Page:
Monday, October 28, 2013

Fresh Pumpkin - how to bake

Fresh Pumpkins

 Nothing says fall like fresh pumpkins and harvesting pumpkins from a local patch brings the freshness right to your table.

Iowa has more than 38 pumpkin patches devoted to raising pumpkins.  They are nutritious and delicious.  There are many recipes for using the pumpkin pulp (and many for using the pumpkin seeds - but I've never had the patience to clean the seeds from the stringy fibers from the inside of the pumpkin).

Acres devoted to pumpkin patches rose from a few acres over 300 in 1989 and now the acres on which pumpkins are grown are over 1000.

Once you have selected your "pie pumpkins" wash the exterior and make a knife sized slit in one of the sides of the pumpkins -- not crucial if you forget to make the slit but it will be easier to cut, and will allow the steam from the inside to escape as the pumpkin cooks in the microwave.

Place the pumpkin into a microwave and cook for 4-6 minutes.  Those few minutes will make the shell much easier to cut.  Once the pumpkin has been removed from the microwave allow it to cook, and then cut the pumpkin in half.

Scoop out the seeds and fiber strings that are on the inside of the pumpkin.  I generally use a ice cream scoop -- not a scoop that is like a melon ball scoop but more of a curved flatish type of scoop.  If some fibers remain it might be necessary to scrap them away from the flesh with a paring knife.  But just cut the fibers and scoop.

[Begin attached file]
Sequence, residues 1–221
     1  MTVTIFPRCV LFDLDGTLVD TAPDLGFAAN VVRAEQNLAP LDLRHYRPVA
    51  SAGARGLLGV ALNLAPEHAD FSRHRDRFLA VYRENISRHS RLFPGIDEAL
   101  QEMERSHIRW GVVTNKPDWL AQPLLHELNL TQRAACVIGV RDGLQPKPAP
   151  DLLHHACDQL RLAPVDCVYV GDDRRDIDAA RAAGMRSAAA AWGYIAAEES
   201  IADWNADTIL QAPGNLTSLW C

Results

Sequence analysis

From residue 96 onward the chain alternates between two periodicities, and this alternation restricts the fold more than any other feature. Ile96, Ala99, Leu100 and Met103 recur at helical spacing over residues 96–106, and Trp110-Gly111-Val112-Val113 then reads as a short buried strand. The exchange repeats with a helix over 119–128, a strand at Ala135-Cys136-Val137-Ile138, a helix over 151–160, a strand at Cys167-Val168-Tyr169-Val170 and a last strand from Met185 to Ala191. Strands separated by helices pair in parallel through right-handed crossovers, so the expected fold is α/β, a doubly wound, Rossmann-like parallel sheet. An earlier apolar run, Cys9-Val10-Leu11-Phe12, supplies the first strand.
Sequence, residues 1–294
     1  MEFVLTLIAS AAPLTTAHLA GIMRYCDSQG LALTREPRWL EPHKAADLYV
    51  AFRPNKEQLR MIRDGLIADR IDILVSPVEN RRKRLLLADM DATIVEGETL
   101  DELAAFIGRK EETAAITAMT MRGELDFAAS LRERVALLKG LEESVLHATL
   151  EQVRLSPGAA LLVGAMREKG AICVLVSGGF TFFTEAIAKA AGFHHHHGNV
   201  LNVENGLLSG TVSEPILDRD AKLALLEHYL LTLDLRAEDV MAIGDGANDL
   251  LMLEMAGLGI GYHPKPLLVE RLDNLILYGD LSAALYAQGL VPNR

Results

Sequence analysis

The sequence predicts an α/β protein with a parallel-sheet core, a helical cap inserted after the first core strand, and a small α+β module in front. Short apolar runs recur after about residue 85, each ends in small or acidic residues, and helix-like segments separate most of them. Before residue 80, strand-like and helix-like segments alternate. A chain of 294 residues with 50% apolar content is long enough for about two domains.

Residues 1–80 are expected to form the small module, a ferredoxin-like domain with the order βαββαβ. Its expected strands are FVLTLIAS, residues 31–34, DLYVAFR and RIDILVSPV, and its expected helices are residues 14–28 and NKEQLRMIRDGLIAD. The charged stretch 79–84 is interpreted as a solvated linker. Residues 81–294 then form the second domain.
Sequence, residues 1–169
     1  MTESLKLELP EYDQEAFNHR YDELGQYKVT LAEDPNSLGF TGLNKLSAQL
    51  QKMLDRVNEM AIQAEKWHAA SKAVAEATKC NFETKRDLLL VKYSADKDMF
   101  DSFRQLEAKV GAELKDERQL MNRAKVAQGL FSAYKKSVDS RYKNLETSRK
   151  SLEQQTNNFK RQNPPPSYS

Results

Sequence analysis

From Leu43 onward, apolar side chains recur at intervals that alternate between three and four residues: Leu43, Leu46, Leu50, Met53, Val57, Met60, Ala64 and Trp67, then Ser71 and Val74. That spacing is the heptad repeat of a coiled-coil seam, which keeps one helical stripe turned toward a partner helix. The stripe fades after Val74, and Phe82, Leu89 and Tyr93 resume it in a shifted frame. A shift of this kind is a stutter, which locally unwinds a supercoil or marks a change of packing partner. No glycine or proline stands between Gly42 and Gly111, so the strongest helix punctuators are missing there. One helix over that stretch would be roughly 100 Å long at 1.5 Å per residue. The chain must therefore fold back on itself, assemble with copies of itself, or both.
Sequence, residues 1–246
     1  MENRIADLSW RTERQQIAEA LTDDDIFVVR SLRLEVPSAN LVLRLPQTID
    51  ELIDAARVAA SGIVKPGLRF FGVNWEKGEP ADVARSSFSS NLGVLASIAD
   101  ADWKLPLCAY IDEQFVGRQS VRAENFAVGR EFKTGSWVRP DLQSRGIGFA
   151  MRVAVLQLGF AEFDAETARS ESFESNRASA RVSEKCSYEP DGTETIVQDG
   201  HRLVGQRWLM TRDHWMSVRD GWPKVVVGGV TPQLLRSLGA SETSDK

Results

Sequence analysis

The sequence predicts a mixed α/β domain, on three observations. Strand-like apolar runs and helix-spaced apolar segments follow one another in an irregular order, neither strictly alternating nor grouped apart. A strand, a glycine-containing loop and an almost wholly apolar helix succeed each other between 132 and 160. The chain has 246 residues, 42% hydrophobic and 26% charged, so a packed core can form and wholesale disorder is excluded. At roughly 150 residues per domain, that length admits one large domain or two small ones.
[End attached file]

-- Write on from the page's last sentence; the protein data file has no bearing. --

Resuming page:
Actually you might feel you need to clean these completely out - but its really not necessary.  Just make sure the seeds are out.

Turn the pumpkin halves onto a cookie sheet (there will be some pumpkin water seep out so make sure you have sides on the pans).

Bake at 400 degrees for 1/2 hour to 45 minutes.  The size of the pumpkin will determine exactly how long.  If you have a convection oven that speeds up the process.  When the skin of the pumpkin is shiny looking and begins to pucker the pumpkin is done.



The pumpkin shell looks almost as if someone has brushed oil onto the shell but no one has, it is simply the result of having cooked the pumpkin.

As the pumpkin coos a bit, the pumpkin skin (shell) begins to pucker.

Insert a knife or something into one of teh shell's puckers and begin to peel the pumpkin shell away from the pulp.

The flesh of the pumpkin is the part of the pumpkin that will be put in the food processor to be made into pumpkin puree.  This pumpkin will be package into bags with 2 cups of pumpkin, and others with 4 cups of pumpkin puree.  

Many recipes for using the fresh pumpkin may be downloaded from this site.

A bibliography of books about pumpkins - check this link.









From about 10 pumpkins I was able to package 38 cups of fresh pumpkin for freezing.  This pumpkin will make the very best pies, pumpkin rolls, and other pumpkin treats.

The recipes linked above are great recipes.  Explore the home site and find out other information about pumpkins.

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